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Judge Blocks Indiana Law Banning Abortions Because of Genetic Abnormalities
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Judge Blocks Indiana Law Banning Abortions Because of Genetic Abnormalities

INDIANAPOLIS (AP) -- A federal judge blocked a new Indiana law Thursday that bans abortions sought because of a fetus' genetic abnormalities.

U.S. District Court Judge Tanya Walton Pratt granted a preliminary injunction sought by Planned Parenthood of Indiana and Kentucky, which argued that the law was unconstitutional and violated women's privacy rights. The law was set to take effect Friday.

Indiana and North Dakota are the only states with laws that ban abortions sought due to fetal genetic abnormalities, such as Down syndrome, or because of the race, sex or ancestry of a fetus.

The lawsuit filed by Planned Parenthood and the American Civil Liberties Union of Indiana also challenges the law's provision requiring that aborted fetuses be buried or cremated. Planned Parenthood currently disposes remains by incineration, as with other medical tissue.

Republican Gov. Mike Pence signed the new law in March after it was approved by Indiana's GOP-dominated Legislature. The measure was approved despite objections from many female legislators, including Republicans, who said it went too far.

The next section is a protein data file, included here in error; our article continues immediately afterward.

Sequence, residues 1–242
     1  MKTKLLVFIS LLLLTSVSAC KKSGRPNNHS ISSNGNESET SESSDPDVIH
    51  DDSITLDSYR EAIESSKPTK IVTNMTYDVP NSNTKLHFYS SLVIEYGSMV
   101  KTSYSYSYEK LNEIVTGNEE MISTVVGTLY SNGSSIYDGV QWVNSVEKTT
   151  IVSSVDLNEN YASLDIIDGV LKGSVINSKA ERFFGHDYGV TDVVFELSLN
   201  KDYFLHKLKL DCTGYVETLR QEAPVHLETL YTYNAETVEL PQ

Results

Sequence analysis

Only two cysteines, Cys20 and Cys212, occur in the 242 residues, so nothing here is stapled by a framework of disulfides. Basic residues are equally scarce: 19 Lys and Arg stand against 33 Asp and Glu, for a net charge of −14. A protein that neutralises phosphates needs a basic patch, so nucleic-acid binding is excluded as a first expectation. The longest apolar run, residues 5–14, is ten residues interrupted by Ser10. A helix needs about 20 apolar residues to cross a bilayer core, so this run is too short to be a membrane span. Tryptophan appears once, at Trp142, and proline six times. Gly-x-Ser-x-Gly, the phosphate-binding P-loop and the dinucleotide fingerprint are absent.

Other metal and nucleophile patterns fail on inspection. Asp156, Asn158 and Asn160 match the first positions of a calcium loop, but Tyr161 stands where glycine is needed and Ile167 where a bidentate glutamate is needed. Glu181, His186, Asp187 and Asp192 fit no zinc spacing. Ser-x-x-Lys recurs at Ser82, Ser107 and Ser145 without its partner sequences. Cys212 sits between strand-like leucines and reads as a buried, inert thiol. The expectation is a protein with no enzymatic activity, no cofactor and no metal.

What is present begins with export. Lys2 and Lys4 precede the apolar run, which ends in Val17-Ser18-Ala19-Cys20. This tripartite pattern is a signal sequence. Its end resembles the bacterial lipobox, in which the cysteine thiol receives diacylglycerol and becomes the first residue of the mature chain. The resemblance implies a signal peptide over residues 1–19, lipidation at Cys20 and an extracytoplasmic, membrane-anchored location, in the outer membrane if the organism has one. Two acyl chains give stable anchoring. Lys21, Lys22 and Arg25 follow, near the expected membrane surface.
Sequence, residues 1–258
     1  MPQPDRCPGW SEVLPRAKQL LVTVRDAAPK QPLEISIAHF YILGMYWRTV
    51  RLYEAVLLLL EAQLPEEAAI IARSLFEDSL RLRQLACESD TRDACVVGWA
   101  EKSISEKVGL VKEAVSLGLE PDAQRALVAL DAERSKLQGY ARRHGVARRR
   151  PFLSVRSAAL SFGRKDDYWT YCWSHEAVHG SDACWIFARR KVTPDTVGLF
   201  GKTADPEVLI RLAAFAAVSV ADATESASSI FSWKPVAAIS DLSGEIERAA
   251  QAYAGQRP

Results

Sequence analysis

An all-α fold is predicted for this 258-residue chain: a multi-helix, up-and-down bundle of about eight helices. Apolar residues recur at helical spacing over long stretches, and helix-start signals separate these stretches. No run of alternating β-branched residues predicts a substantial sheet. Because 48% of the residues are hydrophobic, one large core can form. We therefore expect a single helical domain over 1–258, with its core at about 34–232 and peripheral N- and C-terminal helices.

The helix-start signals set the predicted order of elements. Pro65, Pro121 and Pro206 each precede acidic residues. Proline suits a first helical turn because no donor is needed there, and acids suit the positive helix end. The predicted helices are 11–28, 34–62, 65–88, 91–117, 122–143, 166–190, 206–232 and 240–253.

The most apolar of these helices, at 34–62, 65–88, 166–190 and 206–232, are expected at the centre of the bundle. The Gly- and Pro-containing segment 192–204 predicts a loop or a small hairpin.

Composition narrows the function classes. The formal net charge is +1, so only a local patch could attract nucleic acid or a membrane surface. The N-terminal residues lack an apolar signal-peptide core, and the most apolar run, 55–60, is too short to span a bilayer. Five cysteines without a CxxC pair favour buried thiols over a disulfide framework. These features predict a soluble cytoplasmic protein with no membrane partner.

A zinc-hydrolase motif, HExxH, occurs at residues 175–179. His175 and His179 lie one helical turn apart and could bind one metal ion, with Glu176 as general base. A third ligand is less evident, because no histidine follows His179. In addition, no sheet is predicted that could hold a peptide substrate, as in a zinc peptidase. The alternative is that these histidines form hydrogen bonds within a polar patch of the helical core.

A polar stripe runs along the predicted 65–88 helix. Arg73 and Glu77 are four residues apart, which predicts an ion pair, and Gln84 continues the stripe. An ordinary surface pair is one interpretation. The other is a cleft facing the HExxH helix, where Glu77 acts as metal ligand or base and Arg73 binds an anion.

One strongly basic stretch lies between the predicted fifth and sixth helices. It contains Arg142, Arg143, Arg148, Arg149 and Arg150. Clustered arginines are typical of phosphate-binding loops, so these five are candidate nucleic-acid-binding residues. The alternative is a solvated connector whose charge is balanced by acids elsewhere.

The lawsuit was filed in April, and Pratt heard arguments from both sides on June 14. During that hearing, Indiana Solicitor General Thomas Fisher argued that Indiana's law was a response to DNA testing advances that permit fetuses to be screened for genetic defects or to determine their sex. He said the state has an interest in "preventing discrimination" against fetuses based on such test results.

Ken Falk, legal director for Indiana's ACLU chapter, is representing Planned Parenthood in the case. He told Pratt that Indiana's law was clearly unconstitutional under previous U.S. Supreme Court rulings.

Pratt, who was nominated as a judge by President Barack Obama in 2010, in June 2011 blocked an Indiana law from taking effect that would have prohibited entities that perform abortions from obtaining state funding. Her order became permanent in 2013 after the U.S. Supreme Court refused to hear Indiana's appeal in the case.

Indiana had sought to prevent Medicaid enrollees from accessing health care at clinics operated by Planned Parenthood of Indiana and Kentucky because the organization provides abortions.

Indiana University has filed a separate federal lawsuit challenging a section of the new law making it a crime to sell or acquire fetal issue. The school argues the provision would illegally interfere with research by its scientists. Attorneys for IU and the state have agreed to put enforcement on hold until the university's challenge is resolved.

North Dakota's Republican-led Legislature passed a measure in 2013 that blocks abortions based on unwanted gender or a genetic defect. The state's sole abortion clinic, the Red River Women's Clinic in Fargo, has said the ban doesn't affect it in part because most genetic abnormalities are not detected until after 16 weeks into a pregnancy, when the clinic stops providing abortions.

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